SUNNYVALE, Calif. — Advanced Micro Devices said today that it’s moving forward with new Opteron server processor designs that will eventually reach 16 cores by 2011.
In a briefing here at its near-empty California offices — the company has all but moved to Austin, Texas — AMD (NYSE: AMD) executives laid out a revised and extended roadmap for server processors, showing the company remains committed despite the server business being notably down, according to yesterday’s earnings call.
The date for today’s news — April 22 — was not chosen casually. It is the 6th anniversary of the original, single-core Opteron processor. So in honor of its birthday, AMD introduced a few more parts.
CEO Dirk Meyer said on the earnings call with analysts yesterday that the company had moved up the release date of “Istanbul,” its six-core processor. It ships to partners next month and they begin shipping new servers in June. Istanbul is socket-compatible with older servers, so existing Opteron servers can pop out the old chip and drop in the new one, provided they perform a BIOS
AMD is also now testing and qualifying its 12-core “Magny-Cours” processor, which is on track for release in Q1 2010, according to Pat Patla, vice president and general manager of server products.
Magny-Cours will feature a major change to the architecture, so it will not be socket-compatible with older systems. Coming in 2011 will be the Bulldozer generation of processors, the first being codenamed “Interlagos” and due to ship with 12 to 16 processor cores. It will be drop-in compatible with Magny-Cours-class motherboards.
This new processor will feature four HyperTransport links instead of three in current chips, will come with a four-channel integrated controller instead of three channels, and updated AMD-V and AMD-P virtualization and power management. The Interlagos generation will also feature Direct Connect Architecture 2.0.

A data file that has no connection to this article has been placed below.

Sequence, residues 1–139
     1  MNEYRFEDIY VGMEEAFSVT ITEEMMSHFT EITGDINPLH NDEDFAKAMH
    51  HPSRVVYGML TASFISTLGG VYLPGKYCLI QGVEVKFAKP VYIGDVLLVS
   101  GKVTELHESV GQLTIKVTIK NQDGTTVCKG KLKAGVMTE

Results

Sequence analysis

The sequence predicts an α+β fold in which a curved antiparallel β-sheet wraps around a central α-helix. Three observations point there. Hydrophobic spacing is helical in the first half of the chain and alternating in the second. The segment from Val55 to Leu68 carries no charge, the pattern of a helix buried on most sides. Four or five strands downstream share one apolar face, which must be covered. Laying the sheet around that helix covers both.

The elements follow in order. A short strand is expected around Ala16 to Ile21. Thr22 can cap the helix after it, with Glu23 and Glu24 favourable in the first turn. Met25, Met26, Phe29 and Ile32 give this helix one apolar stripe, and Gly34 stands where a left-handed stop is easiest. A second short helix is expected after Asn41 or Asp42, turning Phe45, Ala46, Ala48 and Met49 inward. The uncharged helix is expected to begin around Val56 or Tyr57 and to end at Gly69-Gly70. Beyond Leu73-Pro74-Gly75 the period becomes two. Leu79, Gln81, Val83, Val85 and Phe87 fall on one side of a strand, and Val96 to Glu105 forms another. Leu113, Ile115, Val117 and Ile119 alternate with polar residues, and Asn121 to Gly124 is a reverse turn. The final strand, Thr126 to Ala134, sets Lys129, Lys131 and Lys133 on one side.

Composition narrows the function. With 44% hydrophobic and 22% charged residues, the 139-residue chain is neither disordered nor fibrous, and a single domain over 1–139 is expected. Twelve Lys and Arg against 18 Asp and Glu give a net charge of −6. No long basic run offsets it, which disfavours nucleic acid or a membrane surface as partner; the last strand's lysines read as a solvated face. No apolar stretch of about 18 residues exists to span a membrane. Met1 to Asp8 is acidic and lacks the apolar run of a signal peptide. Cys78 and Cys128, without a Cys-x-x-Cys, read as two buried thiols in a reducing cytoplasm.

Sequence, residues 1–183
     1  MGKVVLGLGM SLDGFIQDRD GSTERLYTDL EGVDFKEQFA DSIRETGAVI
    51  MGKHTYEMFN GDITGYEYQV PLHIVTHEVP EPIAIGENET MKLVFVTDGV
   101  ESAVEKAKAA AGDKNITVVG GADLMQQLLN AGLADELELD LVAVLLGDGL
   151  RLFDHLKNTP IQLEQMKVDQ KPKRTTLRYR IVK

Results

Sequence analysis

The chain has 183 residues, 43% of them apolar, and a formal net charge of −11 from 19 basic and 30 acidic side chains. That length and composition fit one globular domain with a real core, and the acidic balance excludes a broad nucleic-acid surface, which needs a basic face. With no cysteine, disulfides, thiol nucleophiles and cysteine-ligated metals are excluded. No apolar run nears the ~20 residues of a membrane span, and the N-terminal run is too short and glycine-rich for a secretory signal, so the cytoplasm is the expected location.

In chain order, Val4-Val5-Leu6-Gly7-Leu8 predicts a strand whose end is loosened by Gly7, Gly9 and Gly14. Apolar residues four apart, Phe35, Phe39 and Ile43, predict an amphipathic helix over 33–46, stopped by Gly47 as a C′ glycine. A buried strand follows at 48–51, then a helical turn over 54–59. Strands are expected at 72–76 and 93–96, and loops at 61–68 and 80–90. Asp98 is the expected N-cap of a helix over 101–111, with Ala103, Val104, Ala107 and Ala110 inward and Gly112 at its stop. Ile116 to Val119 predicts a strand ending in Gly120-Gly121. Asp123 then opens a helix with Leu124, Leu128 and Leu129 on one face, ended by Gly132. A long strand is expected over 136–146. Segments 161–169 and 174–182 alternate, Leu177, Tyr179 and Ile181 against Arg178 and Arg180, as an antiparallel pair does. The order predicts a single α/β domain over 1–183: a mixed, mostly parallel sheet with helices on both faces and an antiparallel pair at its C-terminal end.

With this, Patla is promising a near-linear scaling in processors, something that doesn’t usually happen when cores are doubled, which typically results in a 50 percent improvement in performance, not 100 percent. But AMD says it will get there through balancing system elements and not focusing on just the CPU, but on memory and the I/O subsystem as well.
This will result in two new families, the Opteron 6000 and 4000 lines. The 6000 will use the G34 chipset and is aimed at the high-performance market. It will support up to four channels of DDR3 memory with 12 memory DIMMs per socket.
The Opteron 4000 will use the C32 chipset, supports two channels of DDR3 memory and is aimed at the one or two-socket mainstream server market.
The 6000 line will be the 12-core, 45nm Magny-Cours line, followed by the 12 to 16-core, 32nm Interlagos line. AMD will make the jump to High-K Metal Gate for 32nm, a technology that Intel (NASDAQ: INTC) adopted at 45nm.
The 4000 line will consist of the four to six-core “Lisbon” processor in 2010, which will use 45nm design, followed by “Valencia,” a six to eight-core 32nm design in 2011.
One thing AMD is not interested in is multithreading. Sun’s Niagara CMT processors handle eight threads per core, while Intel’s new Nehalem-generation Xeon 5500 does two threads per core.
Multithreading is nowhere to be seen on AMD’s roadmap, nor is it interested. It’s going for regular cores, not fudging it with threads. “We think we’re pretty well covered in the 48 to 64 thread environment for the next few years,” Patla said. “We’ll see where we are come 2012.”
April 22 is also Earth Day, and so fittingly, AMD introduced a new ultra-low power Opteron, the 40-watt Opteron EE processor. The new CPU has a quad-core design and runs at 2.1GHz and 2.3GHz. The processors are available now from AMD resellers.